Unfortunately, prior to 1970 there were enormous differences among the wool growers, with reactionary industry leaders who held a blind belief that the so-called free auction system was the only effective way of disposing of the Australian wool clip. They were right. It was an effective way of disposing of it, but at the lowest possible price. The free auction system, as it was called, was being manipulated by merchants and others who had robbed the Australian wool growers of an initiative to be the world price-setters for this product. Australia is by far and away the biggest exporter of wool. It was outrageous that Australia had not established itself many years before as the price-setter for raw wool. I recall raising this issue in my Party room soon after I became the member for Gwydir in 1970. The then Leader of the National Party, the Rt. Hon. John McEwen, challenged me by saying: `You don't have to convince me, Mr Hunt. Go out and convince the Australian wool growers'.

Mr Cowan —And you did.

Mr HUNT —And I did. I did that by contacting key people who supported reform and I initiated the first major grass roots rally of wool growers in Moree in north-western New South Wales. It was the first such meeting in Australia. It was called by Mr Ron Hunter, OBE, at Moree on Saturday, 21 March 1970. I was chairman at this, the biggest mass rally of primary producers-wool growers-that had been held until that time. There was an overwhelming vote for a wool selling organisation. Mass meetings were then arranged throughout Australia.

With two federal wool growing organisations at loggerheads, it was necessary for the grass roots wool growers to force the leaders of those organisations to accept that change was necessary. As a consequence, the two major wool grower organisations-the Australian Woolgrowers and Graziers Council and the Australian Wool and Meat Producers Federation-resolved to form a peak council organisation, later to become known as the Australian Wool Industry Conference. It was through this body that a special advisory committee of the Australian Wool Board was asked to prepare an outline plan suggesting the principle on which a statutory wool marketing authority could be established. The late Sir John Crawford played a significant part in making an independent assessment of the recommended proposal from that body.

Sitting suspended from 6.30 to 8 p.m.

Mr HUNT —Just prior to the dinner break I gave some authoritative history of the development of the Australian Wool Commission and its successor the Australian Wool Corporation. I said that the late Sir John Crawford-a man for whom I think most honourable members have tremendous regard-played a very significant part in undertaking an independent assessment of the recommendations of the special advisory committee that was set up through the Wool Board to look at the way in which a special marketing authority should be established. Since that time many changes have been made to this statutory authority. Indeed the name of the Australian Wool Commission was changed to the Australian Wool Corporation. The Corporation and the Australian Wool Council have given admirable service to the Australian wool growers. Very few industries in Australia have been structured as well as the Australian wool industry. Its research, promotion and marketing arrangements are a model in the field of commodity promotion and marketing. Very few industries are making as much of a contribution towards that purpose off the top of the gross proceeds of their production.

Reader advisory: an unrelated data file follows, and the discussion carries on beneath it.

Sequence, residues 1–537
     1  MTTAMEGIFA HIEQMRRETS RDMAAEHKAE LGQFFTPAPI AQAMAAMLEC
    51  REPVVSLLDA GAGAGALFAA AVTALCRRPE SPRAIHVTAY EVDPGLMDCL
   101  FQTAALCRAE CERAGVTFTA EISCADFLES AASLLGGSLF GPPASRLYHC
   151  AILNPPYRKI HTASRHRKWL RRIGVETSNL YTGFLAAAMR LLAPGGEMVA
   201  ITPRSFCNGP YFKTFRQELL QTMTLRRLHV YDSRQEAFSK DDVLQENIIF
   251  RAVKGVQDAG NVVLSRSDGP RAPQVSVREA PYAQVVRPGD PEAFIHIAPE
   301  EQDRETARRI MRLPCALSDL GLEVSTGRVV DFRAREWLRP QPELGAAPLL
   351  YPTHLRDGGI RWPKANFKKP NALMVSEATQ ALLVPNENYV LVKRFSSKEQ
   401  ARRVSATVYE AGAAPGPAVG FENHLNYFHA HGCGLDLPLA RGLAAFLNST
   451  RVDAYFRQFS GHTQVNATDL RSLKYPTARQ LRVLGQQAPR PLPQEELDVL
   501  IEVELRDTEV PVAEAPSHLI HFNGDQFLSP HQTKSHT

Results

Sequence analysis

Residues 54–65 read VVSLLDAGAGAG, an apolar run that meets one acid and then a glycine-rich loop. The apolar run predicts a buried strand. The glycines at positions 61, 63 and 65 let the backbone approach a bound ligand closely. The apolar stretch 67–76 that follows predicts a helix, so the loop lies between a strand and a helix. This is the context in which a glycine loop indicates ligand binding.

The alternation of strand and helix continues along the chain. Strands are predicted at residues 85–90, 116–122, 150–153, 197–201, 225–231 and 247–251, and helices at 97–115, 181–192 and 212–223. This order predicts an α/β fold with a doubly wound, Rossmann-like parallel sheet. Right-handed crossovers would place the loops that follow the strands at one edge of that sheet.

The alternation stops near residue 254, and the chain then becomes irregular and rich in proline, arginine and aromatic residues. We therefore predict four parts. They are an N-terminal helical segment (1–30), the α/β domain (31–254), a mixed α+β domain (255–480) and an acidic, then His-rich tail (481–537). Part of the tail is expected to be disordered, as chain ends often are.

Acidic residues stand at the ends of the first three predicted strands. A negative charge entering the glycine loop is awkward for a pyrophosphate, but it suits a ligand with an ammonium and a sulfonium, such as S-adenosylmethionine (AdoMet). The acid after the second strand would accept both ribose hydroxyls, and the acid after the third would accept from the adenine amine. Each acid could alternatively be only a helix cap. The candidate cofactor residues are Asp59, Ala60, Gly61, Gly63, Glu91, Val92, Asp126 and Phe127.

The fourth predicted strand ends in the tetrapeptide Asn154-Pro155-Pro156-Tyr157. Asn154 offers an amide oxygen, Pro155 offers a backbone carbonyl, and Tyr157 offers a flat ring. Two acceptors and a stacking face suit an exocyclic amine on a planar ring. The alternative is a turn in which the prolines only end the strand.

Wool has many unique qualities. One is that it is not a perishable commodity in a real sense. This quality has enabled the Wool Corporation and the wool selling system to hold in stock adequate quantities to help iron out marketing fluctuations and at the same time to allow the flow of wool on to the market to various points of the world enabling an assured supply for the needs of processors.

I want to pay a tribute to those people who bit the bullet in 1969 and 1970, those who were in the forefront of this radical change to wool selling in Australia. Firstly, I pay tribute to Doug Anthony who was the Minister for Primary Industry; David Asimus, who was in the forefront of activity in those days; Sir William Gunn; Mr Ronald Hunter; Mr Bryce Killen; the late Claude Bohay; the late Bill Fagen; Mr Claude Renshaw; Mr Bruce Wright; the late Bruce Walker; and Mr Dick O'Brien. Indeed dozens of others played a monumental role in helping to bring the Australian wool industry leaders to their senses and to a point where the industry was able to take decisions for the long term future and viability of this great industry.

I also pay tribute to those who have continued the great work of helping the industry adjust to modern marketing demands under the chairmanship of Mr David Asimus and all the many chairmen who have given leadership to the Australian Wool Council. It is a tribute to their responsible leadership that the Government has extended further discretions, flexibility and responsibilities to the operation of the Australian Wool Corporation in association with the Australian Wool Council.

The Wool Marketing Bill builds on the co-operative ground work laid by the industry in association with governments since the late 1960s. It implements many of the guidelines laid down in the statutory marketing reform paper-an admirable paper-issued last year. The Bill aims to place the Corporation on a sound commercial footing. It ensures that the Corporation remains fully accountable to both the industry and the Government, introduces new arrangements for quality assurance of the Australian wool clip and provides a businesslike footing for the Corporation's day-to-day activities.

The Corporation's Board will be selected by a committee to be headed by the distinguished Australian, Sir Roderick Carnegie. I am sure all honourable members will join with me in offering Sir Roderick our best wishes in his important role. I wonder why it was necessary because, quite frankly, I believe the industry has proved to be very responsible and quite capable of choosing its own people. I pay a special tribute to the Chairman of the Corporation, Mr David Asimus, who has indicated that he will retire when his current term expires in June next year.